Blu-Ray Review: Entertaining ‘Scream 4’ Makes Great Horror Rental

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CHICAGO – This upcoming Halloween will give you dozens of options in theaters and on Blu-ray to choose from for your scary dollar. You may have dismissed Wes Craven’s latest entry in the most influential franchise of the last twenty years. Don’t. Sure, the “Scream” movies are over the hill, more so than I think The Weinstein Company expected as evidenced by the pathetic box office returns (less than 50% of the last “Scream” movie and less than $100 million worldwide (the first three broke $150), but this is a fun genre flick. If you wrote this movie off in theaters, you might be surprised to learn that it’s worth a rental. Blu-Ray Rating: 3,5/5.0
Blu-Ray Rating: 3.5/5.0

Don’t get me wrong. I’m not here to argue that this is a return to form for one of the best horror directors of all time or that it will be anywhere near as influential as the original. It’s not great. But it works on multiple levels, especially when one considers the track record of fourth parts in franchises of any kind, especially horror. There’s no denying that this is a well-crafted film, which is something of a blessing after Craven’s “My Soul to Take,” the worst film of his career.

Photo credit: Dimension

Where the first film was a commentary on and deconstruction of the slasher genre, “Scream 4” is a remake, reboot, and sequel rolled into one and a commentary on all of the above. It is as self-aware a film as you’re ever going to see and if that kind of “meta” writing in lieu of actual characters grates on your nerves than you’re likely to have some frayed ones by the time the last drop of blood is spilled. It can be overly self-conscious, and I think that’s what turned off some critics. It makes dozens of film references to not just its own franchise but other horror films as diverse as “Peeping Tom” and “Piranha.” It’s the kind of script in which characters watch “Shaun of the Dead” and answer trivia questions about “Texas Chainsaw Massacre.” It is a film about the generation spawned by “Scream” – the people for whom horror movies are a language and a way of life.

Scre4m was released on Blu-ray and DVD on October 4th, 2011
Scre4m was released on Blu-ray and DVD on October 4th, 2011
Photo credit: The Weinstein Company

After a very-clever opening set piece, “Scream 4” settles into the infamous Woodsboro on the anniversary of the action of the first film and the return of Sidney Prescott (Neve Campbell) to the town that has made her famous. Her life story was turned into a series of movies called “Stab,” based on the books by Gayle Weathers (Courteney Cox), but now she’s decided to tell her own story in her own book. Of course, what they say about not being able to go home again is especially true for horror heroines.

The list of potential killers/victims is huge (almost too big). The hapless Dewey (David Arquette) returns in the role of Sheriff with a few recognizable faces on his staff (Marley Shelton, Adam Brody, Anthony Anderson). Sidney’s niece (Emma Roberts) happens to still live in town with her mother (Mary McDonell) and, of course, Sidney has a number of classmates ready for the end of a sharp knife including ones played by Hayden Panettiere, Erik Knudsen, Nico Tortorella, and Rory Culkin. Who is slicing up the locals again? Why now and what relation do they have to Sidney?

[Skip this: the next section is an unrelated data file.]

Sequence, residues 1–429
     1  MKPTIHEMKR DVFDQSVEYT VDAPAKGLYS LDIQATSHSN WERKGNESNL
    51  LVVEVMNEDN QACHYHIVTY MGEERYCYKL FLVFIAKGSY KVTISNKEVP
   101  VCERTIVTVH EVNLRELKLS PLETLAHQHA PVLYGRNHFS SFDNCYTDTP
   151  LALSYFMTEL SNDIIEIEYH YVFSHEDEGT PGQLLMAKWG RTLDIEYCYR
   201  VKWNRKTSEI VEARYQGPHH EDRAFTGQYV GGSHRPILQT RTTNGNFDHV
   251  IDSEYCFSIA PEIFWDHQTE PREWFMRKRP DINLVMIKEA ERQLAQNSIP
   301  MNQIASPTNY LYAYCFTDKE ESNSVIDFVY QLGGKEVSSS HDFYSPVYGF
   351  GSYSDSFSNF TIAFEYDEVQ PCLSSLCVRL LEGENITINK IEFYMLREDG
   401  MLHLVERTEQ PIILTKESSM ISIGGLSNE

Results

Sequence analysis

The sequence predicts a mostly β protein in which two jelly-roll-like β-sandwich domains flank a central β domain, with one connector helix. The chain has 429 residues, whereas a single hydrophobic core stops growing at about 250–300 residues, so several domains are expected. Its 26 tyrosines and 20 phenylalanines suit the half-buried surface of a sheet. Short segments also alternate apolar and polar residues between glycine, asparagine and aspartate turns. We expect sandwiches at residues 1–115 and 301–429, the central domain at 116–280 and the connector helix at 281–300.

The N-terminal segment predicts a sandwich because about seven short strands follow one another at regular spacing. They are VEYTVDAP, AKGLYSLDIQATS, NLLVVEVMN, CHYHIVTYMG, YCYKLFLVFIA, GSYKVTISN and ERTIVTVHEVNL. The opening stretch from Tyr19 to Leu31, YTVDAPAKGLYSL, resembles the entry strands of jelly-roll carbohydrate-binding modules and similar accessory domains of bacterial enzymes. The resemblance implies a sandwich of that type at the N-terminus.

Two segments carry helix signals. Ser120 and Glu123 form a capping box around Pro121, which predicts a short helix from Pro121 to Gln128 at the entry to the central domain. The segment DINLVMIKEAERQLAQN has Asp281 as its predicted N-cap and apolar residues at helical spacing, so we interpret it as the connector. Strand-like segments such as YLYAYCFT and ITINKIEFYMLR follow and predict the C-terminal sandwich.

“Scream 4” doesn’t have the breakneck pace of the first film (or the second) but it does develop an entertaining rhythm, especially for a rental. It won’t have the influence of the original and it’s an incredibly easy film for the trolls to rip apart without really looking at it, but I can’t imagine anyone who truly loves that first trilogy to be disappointed by this clever follow-up/commentary/reboot/remake/sequel/whatever.

The Blu-ray features some interesting deleted scenes, which fans will be more curious about given the notorious and widely-reported reshoots. Being able to see the alternate ending, the other version of Alison Brie’s parking garage scene, and a different ending makes clear that reshoots aren’t always a bad thing — the final film version of all the changed material was the right choice. But it’s interesting to be able to see what could have been. It’s also great that Craven pops up all over the special features. He’s a fascinating, brilliant man and every horror movie fan should hear what he has to say.

Special Features:
o Feature Commentary with Director Wes Craven and Cast Emma Roberts, Hayden Panettiere and Neve Campbell
o Deleted and Extended Scenes
o Alternate Opening
o Extended Ending
o Gag Reel
o The Making Of Scream 4
o Digital Copy Of Feature Film

“Scream 4” stars Neve Campbell, Emma Roberts, Courteney Cox, David Arquette, Hayden Panettiere, Rory Culkin, Marley Shelton, Anthony Anderson, Adam Brody, Erik Knudsen, Nico Tortorella, Rory Culkin, and Alison Brie. It was written by Kevin Williamson and directed by Wes Craven. It is rated R and was released on Blu-ray and DVD on October 4th, 2011. content director Brian Tallerico

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